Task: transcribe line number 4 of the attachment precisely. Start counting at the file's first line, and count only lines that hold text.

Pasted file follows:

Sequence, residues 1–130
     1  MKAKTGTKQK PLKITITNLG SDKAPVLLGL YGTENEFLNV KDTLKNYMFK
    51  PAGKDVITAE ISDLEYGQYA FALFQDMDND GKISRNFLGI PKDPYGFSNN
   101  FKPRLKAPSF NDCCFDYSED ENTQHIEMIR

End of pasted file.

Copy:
   101  FKPRLKAPSF NDCCFDYSED ENTQHIEMIR